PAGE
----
Hemacandra adapts Jain discourse to and informs it by the new hegemonic Tantric discourse. A further part of his Tantric yoga consists of four forms of dhyana meditation, as pranayama according to Hemacandra, did not lead to liberation but mainly to a healthy body. He then describes some Tantric styles of dhyana. These are various meditation styles employing mantras and sounds, which are typical for Tantric sadhana. In similar typical Tantric style, we are then told about the supernatural powers – siddhis – generated by these dhyana styles.
Thus Hemacandra’s Tantric yoga in summary consists of a range of pranayama techniques followed by meditations on sounds and Tantric signs. His detailed account leaves the impression of a kind of nada-yoga – sound yoga – informed by Tantric discourse. He claims that this yoga will lead to happiness in heaven’ and the soul will incarnate in excellent bodies,’ when it returns to this world. Here the adept – following Jain prescriptions -easily gains eternal liberation. We could say this Tantric yoga reduced the number of times an adept needed to be reborn in order to gain liberation. We notice however that this Tantric yoga does not on its own lead to liberation. It is clearly included in a hegemonic Jain discourse, as the adept must follow Jain prescription to achieve final liberation.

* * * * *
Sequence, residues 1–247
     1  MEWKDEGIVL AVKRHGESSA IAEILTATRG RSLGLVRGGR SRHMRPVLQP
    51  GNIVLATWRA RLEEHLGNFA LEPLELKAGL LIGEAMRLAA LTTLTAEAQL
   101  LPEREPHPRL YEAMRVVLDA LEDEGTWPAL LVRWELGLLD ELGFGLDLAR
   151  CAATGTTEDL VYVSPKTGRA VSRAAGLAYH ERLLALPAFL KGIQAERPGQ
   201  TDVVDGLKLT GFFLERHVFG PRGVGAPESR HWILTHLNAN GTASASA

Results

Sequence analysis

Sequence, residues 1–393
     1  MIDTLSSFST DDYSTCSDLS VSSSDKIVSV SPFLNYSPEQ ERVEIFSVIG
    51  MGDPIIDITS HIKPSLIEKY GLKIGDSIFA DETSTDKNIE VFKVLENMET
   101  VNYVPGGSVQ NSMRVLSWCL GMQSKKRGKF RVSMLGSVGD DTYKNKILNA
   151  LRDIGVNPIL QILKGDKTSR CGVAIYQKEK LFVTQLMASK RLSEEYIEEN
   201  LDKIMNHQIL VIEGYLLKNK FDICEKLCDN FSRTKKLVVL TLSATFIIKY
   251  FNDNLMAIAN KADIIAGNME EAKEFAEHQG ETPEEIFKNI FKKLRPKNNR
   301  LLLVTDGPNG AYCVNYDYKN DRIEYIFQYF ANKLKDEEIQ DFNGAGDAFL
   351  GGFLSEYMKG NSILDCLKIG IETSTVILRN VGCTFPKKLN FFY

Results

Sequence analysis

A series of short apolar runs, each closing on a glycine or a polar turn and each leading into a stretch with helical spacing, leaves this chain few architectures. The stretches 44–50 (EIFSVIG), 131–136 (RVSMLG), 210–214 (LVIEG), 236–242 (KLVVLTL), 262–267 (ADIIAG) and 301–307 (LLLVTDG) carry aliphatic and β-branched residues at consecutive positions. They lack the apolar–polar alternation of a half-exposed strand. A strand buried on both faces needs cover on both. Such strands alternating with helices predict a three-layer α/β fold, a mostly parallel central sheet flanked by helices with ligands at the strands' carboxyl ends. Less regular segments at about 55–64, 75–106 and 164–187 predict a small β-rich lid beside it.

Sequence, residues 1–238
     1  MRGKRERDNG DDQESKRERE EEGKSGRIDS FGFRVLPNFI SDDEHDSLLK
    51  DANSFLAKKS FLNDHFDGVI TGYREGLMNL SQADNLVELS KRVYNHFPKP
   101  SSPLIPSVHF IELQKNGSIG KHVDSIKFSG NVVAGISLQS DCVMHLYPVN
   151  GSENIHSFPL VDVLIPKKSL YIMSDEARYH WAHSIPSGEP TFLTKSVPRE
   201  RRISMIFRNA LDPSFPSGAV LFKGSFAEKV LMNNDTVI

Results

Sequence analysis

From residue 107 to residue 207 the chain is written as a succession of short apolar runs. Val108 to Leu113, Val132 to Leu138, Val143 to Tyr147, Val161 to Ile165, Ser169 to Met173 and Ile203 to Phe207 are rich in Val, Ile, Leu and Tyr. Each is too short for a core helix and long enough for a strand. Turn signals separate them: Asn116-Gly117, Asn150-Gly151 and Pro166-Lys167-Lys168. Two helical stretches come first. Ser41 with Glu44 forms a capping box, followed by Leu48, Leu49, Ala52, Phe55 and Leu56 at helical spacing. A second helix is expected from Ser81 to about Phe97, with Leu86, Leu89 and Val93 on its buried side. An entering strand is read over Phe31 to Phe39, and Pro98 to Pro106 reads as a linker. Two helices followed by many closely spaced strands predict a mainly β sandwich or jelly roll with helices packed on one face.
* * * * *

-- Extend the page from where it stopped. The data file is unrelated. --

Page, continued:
At the end of the book (CH.11-12) Hemacandra finally describes the traditional Jain fourfold pure meditation style – sukla-dhyana – and in the final chapter he adds his personal flavour of meditation. Hemacandra’s personal meditation is very reminiscent of the still-mind-or mortification meditation that we encountered as early-yoga evolved as a branch of an underlying proto-yoga field. The no-mind condition created by this meditation however has nothing to do with the Brahmin mystical discourse, where non-duality was realised. Neither can Hemacandra’s meditation be compared to (the dying moments?) of samadhi, where the meditator has realised and overcome the various distractions of the elements of prakriti.
Repeat 10-12 times. 29 BEGINNER Seated Leg Extension Yoga poses vocabulary BENEFITS: Strengthens your quadriceps muscles. Sit on the ball. At first, you can Yoga poses vocabulary hold onto the ball. As you get better at balancing, extend your arms out to the side. Lift one knee and straighten your leg, reaching out through your heel. Flex and point your ankle. Return to the starting position. Repeat on the other side. Do this 10-12 times. BEGINNER Seated Knee Crunches BENEFITS: Strengthens your abs and lower back. Sit on top of the ball with your knees at a right angle to your hips and your hands on the ball. Lift both knees at once toward your chest, using your abs to lift your knees. Return back to the starting position. Do this 5 times, working your way up to 15. BEGINNER Seated Hamstring Stretch BENEFITS: Creates a long, graceful line from your butt to your knee.